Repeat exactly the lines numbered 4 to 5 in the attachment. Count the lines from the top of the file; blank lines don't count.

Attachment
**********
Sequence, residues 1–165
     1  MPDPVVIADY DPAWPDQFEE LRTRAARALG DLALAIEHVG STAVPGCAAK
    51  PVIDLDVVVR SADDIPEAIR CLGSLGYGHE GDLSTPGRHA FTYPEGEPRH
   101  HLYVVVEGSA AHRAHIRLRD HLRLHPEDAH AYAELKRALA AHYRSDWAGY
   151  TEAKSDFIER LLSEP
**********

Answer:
   101  HLYVVVEGSA AHRAHIRLRD HLRLHPEDAH AYAELKRALA AHYRSDWAGY
   151  TEAKSDFIER LLSEP